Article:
MP3 Doug Ordunio - Unknown Worlds
8 MP3 Songs
ELECTRONIC: Ambient, NEW AGE: Meditation
I began to write music in 1971 at the age of 21, and for the most part have created pieces that were notated. However, once I began to experiment with electronic synthesizers during the early 1980s, I turned more to improvisation. One of the things I learned early about writing music as I also discovered was true about using words and writing poetry—less is more. Simplicity is a virtue in music.
These pieces are some of my more successful expressions. Most of this music was played on an Oberheim Matrix 6 keyboard being run by the sequencer on a Casio CZ 5000. Only Evening on a Lake and Heaven’s Gate were not sequenced.
Evening on a Lake was a total improvisation played into a tape recorder just as you hear it here on an evening in 1984. I sat down at the keyboard, cleared my mind of the clutter, and began to play. About seven minutes later, when I had finished on an F major chord, I played it back and commented to myself that it wasn’t half bad. Then of course I had to sit down and write out the music which was a bit of a task, but I was always good at copying out music so it wasn’t a big problem.
Agra Heatwave is about my love of East Indian music. I became obsessed with the recordings of Ravi Shankar soon after I heard him for the first time in the mid 1960s. It took a few months to understand what was going on in that ancient and venerable style. I was hypnotized by all the microtonal passages. After I listened to that recording thirty or forty times, the light bulb came on above my head, and I began to understand what it was all about. It was not until the mid 80s that I decided to try to emulate the sound of Indian music. This is only an emulation because it is not based on any Indian scales. It is, so to speak, my impression of Indian music. First I created the patch that was going to give the tambura (or droning) sound in the background. Then I found the proper sound for the solo instrument. The harmonic sweetening in the background was the last part to be played. I wanted to give the feeling of a sweltering day, shimmering with heat outside the Taj Mahal.
Moon Prayer is a quiet meditative piece for synthesized clarinet against a background that gives the feeling of a pipe organ. It was created in the mid 1980s.
Infinite Lines #1 is made up of two energetic and syncopated melodies which have identical rhythms, and are synchronized together only at the beginning of the piece. At about 26 seconds after the beginning, they repeat, but at its conclusion, the first melody is truncated by an eighth beat. At each repetition, they get apart by another eighth of a beat. Eventually, after many minutes, the two voices would finally sync back up to the way they are at the beginning. This example of the work fades after about 7 minutes, or roughly after 16 repetitions of the melody.
The Knees of My Heart Shall Bow is a beautiful line from Balualow (Scottish word for “lullaby”) which is one of the pieces in Benjamin Britten’s A Ceremony of Carols.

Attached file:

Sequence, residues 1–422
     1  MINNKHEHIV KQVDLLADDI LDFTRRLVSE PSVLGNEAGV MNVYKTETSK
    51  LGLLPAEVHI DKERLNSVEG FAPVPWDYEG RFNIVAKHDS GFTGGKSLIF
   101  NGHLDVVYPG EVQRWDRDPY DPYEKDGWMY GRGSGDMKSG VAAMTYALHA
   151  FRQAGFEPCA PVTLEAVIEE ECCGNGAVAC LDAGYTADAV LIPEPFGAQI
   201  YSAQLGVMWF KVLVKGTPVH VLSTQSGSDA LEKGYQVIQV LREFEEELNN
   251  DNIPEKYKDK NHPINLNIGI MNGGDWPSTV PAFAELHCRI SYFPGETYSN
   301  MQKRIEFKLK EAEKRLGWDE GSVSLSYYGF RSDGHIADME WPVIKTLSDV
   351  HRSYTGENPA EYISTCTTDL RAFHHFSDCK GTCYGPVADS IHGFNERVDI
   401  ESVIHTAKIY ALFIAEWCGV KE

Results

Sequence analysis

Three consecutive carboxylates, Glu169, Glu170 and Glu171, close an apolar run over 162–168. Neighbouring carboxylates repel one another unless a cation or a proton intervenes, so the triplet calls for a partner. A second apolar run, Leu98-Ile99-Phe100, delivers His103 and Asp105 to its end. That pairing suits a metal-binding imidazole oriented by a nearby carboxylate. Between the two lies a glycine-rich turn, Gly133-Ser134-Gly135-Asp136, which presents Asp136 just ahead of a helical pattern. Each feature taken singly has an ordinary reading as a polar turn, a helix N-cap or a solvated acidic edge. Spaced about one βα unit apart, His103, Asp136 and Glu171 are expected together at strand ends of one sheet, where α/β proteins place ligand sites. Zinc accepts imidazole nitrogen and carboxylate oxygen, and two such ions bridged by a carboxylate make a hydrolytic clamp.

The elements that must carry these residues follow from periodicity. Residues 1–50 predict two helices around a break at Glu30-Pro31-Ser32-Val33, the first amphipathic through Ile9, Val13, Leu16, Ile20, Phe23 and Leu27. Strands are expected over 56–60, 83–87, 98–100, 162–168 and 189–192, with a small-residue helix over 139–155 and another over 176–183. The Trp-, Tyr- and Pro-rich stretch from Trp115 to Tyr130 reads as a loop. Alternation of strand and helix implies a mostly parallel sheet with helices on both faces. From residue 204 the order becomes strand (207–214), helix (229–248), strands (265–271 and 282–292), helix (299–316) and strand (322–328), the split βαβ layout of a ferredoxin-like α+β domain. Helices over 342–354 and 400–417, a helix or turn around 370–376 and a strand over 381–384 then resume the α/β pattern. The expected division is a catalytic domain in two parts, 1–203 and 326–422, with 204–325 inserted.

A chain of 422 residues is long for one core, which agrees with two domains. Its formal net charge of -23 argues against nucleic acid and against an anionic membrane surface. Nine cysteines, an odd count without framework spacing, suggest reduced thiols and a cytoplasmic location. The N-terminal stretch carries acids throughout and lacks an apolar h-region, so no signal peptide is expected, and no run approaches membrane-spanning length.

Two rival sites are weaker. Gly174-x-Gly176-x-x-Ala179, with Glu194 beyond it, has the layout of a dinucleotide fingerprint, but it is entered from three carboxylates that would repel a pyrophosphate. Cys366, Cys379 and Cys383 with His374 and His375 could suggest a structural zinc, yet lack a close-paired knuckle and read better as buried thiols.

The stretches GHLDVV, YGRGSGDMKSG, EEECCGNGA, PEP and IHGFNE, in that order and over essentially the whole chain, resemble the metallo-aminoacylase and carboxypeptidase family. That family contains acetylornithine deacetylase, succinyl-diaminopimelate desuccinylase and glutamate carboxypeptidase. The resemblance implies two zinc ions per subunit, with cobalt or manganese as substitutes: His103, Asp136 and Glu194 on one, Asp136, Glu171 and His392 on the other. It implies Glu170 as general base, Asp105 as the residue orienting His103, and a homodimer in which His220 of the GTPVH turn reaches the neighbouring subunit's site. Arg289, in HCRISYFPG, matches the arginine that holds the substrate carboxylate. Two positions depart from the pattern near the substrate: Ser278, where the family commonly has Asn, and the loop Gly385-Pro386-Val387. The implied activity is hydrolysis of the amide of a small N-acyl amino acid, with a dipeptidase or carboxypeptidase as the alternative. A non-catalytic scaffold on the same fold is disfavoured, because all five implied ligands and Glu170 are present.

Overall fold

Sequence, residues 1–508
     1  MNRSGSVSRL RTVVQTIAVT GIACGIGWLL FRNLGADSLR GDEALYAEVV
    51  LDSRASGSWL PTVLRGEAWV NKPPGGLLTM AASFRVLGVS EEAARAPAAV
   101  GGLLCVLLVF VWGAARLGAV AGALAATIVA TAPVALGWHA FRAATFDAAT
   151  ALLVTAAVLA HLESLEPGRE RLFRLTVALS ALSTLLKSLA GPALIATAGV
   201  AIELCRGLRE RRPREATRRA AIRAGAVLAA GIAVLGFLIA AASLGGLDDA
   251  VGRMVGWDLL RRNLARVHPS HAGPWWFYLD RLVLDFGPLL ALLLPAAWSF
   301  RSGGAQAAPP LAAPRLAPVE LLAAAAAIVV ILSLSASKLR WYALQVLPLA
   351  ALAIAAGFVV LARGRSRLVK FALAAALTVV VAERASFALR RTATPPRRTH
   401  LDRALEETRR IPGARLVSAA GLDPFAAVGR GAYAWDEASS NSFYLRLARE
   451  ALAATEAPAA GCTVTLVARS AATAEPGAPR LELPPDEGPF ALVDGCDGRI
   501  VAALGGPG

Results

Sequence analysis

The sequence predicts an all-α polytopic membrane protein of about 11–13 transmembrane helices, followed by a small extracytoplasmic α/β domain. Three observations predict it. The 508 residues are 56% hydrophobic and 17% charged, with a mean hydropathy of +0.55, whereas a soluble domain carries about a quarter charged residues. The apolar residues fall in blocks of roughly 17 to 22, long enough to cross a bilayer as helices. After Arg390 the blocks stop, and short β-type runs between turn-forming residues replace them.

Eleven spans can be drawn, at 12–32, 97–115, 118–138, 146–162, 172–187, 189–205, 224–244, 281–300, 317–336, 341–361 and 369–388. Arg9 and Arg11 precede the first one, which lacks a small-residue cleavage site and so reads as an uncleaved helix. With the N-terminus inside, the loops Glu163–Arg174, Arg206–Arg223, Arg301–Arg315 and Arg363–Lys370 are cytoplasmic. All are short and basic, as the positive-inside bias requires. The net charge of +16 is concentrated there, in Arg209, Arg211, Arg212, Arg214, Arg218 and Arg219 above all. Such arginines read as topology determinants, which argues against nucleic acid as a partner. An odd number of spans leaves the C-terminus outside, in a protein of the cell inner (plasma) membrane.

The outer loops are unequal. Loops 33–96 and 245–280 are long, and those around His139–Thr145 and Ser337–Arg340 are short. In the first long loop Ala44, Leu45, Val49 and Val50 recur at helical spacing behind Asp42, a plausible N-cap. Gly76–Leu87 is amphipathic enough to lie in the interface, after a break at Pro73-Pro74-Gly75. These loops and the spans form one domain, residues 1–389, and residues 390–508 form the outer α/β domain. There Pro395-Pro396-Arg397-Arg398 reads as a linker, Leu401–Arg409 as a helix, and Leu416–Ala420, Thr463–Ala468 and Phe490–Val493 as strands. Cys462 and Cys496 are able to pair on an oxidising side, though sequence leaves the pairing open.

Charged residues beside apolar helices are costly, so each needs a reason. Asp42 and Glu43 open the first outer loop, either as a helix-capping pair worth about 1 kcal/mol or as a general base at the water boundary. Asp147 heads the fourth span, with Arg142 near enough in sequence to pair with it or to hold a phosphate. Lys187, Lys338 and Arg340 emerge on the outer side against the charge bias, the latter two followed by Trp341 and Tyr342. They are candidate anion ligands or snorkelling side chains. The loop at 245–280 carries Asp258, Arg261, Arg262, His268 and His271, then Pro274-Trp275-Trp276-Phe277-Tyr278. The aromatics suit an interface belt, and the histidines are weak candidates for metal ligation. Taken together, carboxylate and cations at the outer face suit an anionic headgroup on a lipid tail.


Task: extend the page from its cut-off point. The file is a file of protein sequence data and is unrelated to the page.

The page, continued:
It is the most complex work on this recording. I first put together the piece back in the 1980s, but over 20 years later I discovered something unusual about the piece when I turned it into a gigantic canon. I laid the entire piece over itself, starting at about 37 seconds in. This is the 2007 version of the piece
Heaven’s Gate is another canonic work from late 2007. It is designed as a piece to quiet the mind and soul.
Pernod on the Rocks The history of the Pernod company in France is an interesting one and I suggest that you make your own investigation of it. They were the original manufacturers of absinthe, the drink enjoyed by Baudelaire, Rimbaud and others of the time. Pernod is an interesting beverage although it is no longer made with wormwood. It is still tasty on the rocks as an after-dinner drink. The way it changes from clear to cloudy with the addition of ice, much like Greek ouzo is magical.
The Journey is a trip through nature and it reminds me of a solitary ride I took one afternoon from a friend’s house in Ojai up through the Los Padres forest past Mount Pinos and down the hill to the town of Ventucopa. It was a relaxing sojourn and although there are no references to it here, I remember listening to the Lucia Popp recording of the Four Last Songs by Richard Strauss during my drive. By the time the song Beim Schlafengehen (When going to sleep) was soaring away, its subtext of death was really affecting me and I was completely devastated and crying. It was however, a joyful cry, not a depressing one.
The life of Doug Ordunio has been filled with music. Born in Glendale, California in 1950, he attended Glendale College and Cal State Northridge majoring in composition and voice. When he left college in 1973, he was hired by radio station KFAC, which had been the primary commercial classical music station in Los Angeles for nearly 50 years. He was soon made FM Programmer and in 1978 he joined the prestigious announcing staff.
During this time he was also a professional singer in the Los Angeles area, performing with many ensembles including the Duke Ellington Band (before Ellington died), the New York City Opera and the Greek Theater Opera.
He was heard for 12 years around the world as the host of the classical music program for Armed Forces Radio.
In 1989 he joined the production staff of AEI Inflight, producing hundreds of audio programs for commercial airlines. Throughout his career he has been known for creating unusual and provocative musical programs which challenge and intrigue the listener. Since 1998 he has been the producer of the nationally syndicated radio program, The Romantic Hours, hosted by Mona Golabek. He has authored several books as well as a number of short stories and poems.
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